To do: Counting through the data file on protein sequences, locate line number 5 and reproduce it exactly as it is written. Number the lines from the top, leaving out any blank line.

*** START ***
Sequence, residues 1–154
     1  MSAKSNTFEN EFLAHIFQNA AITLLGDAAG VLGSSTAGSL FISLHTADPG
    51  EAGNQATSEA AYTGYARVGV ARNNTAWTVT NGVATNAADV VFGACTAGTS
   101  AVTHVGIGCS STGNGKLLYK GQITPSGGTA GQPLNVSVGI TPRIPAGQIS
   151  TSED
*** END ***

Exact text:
   151  TSED